Published by The Shield and Sword, Inc.
Dedicated to instruction in the Westminster Standards for use as a bulletin insert or other methods of instruction in Presbyterian churches.

Vol. 7, No. 8 (December 1968)

Rev. Leonard T. Van Horn, Editor.

hallDWDr. David Hall is back today with the penultimate (i.e., “next to the last”) entry in his Election Day Sermon series. I’ve enjoyed this series, and hope you have as well. The entire series has presented us with an excellent opportunity to learn firsthand how our forebears handled aspects of the church-state relationship.

“Thanksgiving Sermon”
by George Duffield (Dec. 11, 1783)

Rev. George Duffield, Sr., 1732-1790John Adams was certainly influenced by the heritage of Calvinism. In his diary entry for February 22, 1756, Adams wrote: “Suppose a nation in some distant region should take the Bible for their only law-book, and every member should regulate his conduct by the precepts there exhibited! . . . In this commonwealth, no man would impair his health” with vice, but would live together in frugality, industry, “piety, love, and reverence towards Almighty God. . . . What a Utopia; what a Paradise would this be!”1

In 1775, the second President of the United States attended the Old Pine Street Presbyterian Church in Philadelphia. The preacher on that occasion, The Reverend George Duffield (who was later targeted by the British), preached a revolutionary sermon that made quite an impression on John Adams. Adams wrote to his wife on June 11, 1775, that Duffield’s preaching was reminiscent of the fiery expositions he had been accustomed to back in Massachusetts. Duffield applied a Hebrew prophecy2 to America and “gave us as animating an entertainment as I ever heard. He filled and swelled the bosom of every hearer. . . . by this you will see that the clergy this way are but now beginning to engage in politics, and they engage with a fervor that will produce wonderful effects.”3

Adams would later refer to himself as a “church going animal.”4 By any estimation one of the most important figures for the founding of America, Adams, nevertheless, did not identify himself as a Calvinist.5 Toward the end of his life, he championed anti-Trinitarian legislation, and bitterly reviled Calvinists, on occasion, as “snarling, biting” divines. However, the impress of Calvin was so deep on Adams’ predecessors that a certain Genevan fingerprint is indelibly inked on Adams’ writings. Adams believed that knowledge in general could dispel “arbitrary government and every kind of oppression.” In his 1765 Dissertation on the Canon and the Feudal Law, he recognized lust for power or a yearning for dominion as both the cause of much oppression and the effect of human depravity.

Rights, which Adams saw as general but not purely secular, were derived from the “great Legislator of the universe.” Human rights were squelched when human rulers wrested from the people the inalienable grants given by this great Legislator. Liberty was also derived from humanity’s Maker, and the right to knowledge came from the great Creator, certainly not from a secular basis.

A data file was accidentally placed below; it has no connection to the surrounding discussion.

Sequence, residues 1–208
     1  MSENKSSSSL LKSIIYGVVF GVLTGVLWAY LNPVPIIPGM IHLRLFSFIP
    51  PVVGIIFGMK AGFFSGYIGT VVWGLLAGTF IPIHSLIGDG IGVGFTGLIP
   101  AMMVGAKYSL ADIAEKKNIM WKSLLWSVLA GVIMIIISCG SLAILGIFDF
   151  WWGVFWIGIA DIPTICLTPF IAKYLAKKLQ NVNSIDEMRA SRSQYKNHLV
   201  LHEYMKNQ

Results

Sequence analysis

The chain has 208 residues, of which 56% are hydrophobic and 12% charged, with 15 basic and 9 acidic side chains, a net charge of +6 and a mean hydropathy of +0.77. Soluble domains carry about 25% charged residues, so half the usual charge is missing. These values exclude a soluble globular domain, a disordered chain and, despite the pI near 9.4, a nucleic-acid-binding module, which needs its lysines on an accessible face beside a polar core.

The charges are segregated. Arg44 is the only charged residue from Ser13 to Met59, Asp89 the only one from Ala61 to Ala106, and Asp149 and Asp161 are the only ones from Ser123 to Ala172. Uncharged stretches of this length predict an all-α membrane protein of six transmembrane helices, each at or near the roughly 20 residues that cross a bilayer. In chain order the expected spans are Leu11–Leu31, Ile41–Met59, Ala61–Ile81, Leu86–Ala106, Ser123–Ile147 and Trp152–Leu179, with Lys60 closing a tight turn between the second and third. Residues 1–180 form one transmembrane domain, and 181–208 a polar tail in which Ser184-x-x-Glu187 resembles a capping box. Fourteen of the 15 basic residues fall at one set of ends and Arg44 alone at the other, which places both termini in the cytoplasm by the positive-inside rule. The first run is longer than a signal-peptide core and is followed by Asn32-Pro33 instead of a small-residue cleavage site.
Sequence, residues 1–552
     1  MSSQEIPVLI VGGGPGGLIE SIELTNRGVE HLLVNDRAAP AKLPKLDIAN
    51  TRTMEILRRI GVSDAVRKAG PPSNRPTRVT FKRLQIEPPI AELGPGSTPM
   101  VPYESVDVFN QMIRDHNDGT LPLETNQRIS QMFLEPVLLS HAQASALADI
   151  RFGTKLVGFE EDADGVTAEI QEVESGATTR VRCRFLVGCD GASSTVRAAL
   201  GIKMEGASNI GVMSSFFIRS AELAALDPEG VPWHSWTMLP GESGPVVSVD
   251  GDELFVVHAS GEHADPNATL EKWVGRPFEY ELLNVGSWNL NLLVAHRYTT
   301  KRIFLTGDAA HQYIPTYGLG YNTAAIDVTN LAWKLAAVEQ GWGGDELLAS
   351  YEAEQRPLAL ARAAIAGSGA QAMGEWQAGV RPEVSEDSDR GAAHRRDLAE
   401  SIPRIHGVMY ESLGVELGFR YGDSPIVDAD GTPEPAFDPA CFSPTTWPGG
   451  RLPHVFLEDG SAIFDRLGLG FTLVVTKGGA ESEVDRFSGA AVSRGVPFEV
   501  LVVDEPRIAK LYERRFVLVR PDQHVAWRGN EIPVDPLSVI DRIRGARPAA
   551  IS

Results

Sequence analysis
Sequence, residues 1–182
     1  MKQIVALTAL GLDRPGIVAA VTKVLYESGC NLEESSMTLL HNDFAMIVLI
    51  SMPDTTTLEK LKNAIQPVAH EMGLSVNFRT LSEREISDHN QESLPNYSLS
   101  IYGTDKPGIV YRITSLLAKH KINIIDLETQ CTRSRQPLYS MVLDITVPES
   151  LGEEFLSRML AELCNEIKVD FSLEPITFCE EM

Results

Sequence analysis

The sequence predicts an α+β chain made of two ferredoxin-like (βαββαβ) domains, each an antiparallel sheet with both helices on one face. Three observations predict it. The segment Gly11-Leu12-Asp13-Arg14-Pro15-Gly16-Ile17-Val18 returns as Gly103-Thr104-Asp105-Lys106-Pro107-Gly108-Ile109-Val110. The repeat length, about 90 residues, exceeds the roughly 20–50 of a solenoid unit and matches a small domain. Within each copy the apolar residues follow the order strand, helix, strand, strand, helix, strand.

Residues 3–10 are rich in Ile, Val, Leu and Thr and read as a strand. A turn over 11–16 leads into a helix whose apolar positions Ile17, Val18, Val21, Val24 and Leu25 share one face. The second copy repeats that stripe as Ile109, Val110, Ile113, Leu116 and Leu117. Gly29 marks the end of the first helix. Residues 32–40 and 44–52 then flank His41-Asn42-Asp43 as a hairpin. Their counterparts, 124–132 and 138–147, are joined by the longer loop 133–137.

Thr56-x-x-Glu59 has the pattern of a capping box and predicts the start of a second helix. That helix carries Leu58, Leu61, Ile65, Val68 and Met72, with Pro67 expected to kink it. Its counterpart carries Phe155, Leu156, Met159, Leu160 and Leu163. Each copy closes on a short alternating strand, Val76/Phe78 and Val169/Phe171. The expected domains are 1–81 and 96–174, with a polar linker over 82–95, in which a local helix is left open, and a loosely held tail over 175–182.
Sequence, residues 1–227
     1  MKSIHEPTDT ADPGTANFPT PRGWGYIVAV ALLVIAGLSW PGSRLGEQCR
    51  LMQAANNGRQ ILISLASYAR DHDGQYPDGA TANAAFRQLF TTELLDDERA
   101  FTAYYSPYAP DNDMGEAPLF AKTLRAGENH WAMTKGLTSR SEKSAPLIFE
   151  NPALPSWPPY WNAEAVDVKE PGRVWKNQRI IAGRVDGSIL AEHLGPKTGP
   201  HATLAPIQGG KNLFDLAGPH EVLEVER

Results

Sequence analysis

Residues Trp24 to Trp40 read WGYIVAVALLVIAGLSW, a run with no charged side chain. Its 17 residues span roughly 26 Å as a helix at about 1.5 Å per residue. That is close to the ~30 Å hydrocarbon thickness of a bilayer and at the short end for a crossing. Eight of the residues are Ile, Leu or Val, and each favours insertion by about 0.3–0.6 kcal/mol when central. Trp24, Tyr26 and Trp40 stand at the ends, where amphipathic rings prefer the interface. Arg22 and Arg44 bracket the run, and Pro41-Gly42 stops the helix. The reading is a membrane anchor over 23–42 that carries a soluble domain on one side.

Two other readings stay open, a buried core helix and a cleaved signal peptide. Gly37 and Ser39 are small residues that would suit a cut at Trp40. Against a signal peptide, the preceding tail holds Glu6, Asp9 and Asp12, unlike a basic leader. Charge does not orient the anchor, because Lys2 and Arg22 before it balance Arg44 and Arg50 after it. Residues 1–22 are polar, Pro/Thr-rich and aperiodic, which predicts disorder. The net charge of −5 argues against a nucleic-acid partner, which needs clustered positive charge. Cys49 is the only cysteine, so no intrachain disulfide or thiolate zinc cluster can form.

On December 11, 1783, Congress had appointed a day of thanksgiving “for the restoration of Peace and establishment of our Independence, in the Enjoyment of our Rights and Privileges.” In a service for that occasion at the Third Presbyterian Church in Philadelphia, George Duffield (who was a Chaplain of Congress as well as pastor of the church) resorted to an OT passage to make this point about God’s providence extended to America: “Nor was military prowess only given. He that put of the Spirit of Moses on the elders of Israel [cf. Ex. 18], raised up Senators and guided them in council to conduct the affairs of his chosen American tribes.” Clearly, the biblical basis for republicanism and the institution of a “senate” was the same for Duffield as it had been for Calvin and Beza two centuries earlier.

Duffield (1732-1790), a 1752 Princeton graduate, served a lengthy pastorate at the Pine Street Presbyterian Church—even during the war, when at one time the British put a price on his head—and he was consistently popular with members of the Continental Congress.

A New Light Presbyterian, he chose Isaiah 66.8 as the text for this sermon. In answer to Isaiah’s question—“Shall a nation be born in a day?”—he affirmed: “The earth has indeed brought forth, as in a day. A nation has indeed been born, as at once. It has not been Israel’s forty years of tedious wilderness journey; nor Rome’s, or the United Belgic provinces, long continued scene of arduous, dubious struggle: But almost as soon as our American Zion began to travail; and without experiencing the pangs and pains which apprehensive fear expected; she brought forth her children, more numerous than the tribes of Jacob, to possess the land, from the north to the south, and from the east to the yet unexplored, far distant west: That with great propriety, may we hail every friend of liberty, on this auspicious day, in the language nearly following our text; rejoice ye, with America, and be glad with her, all ye that love her, rejoice for joy with her, all ye that mourned for her.”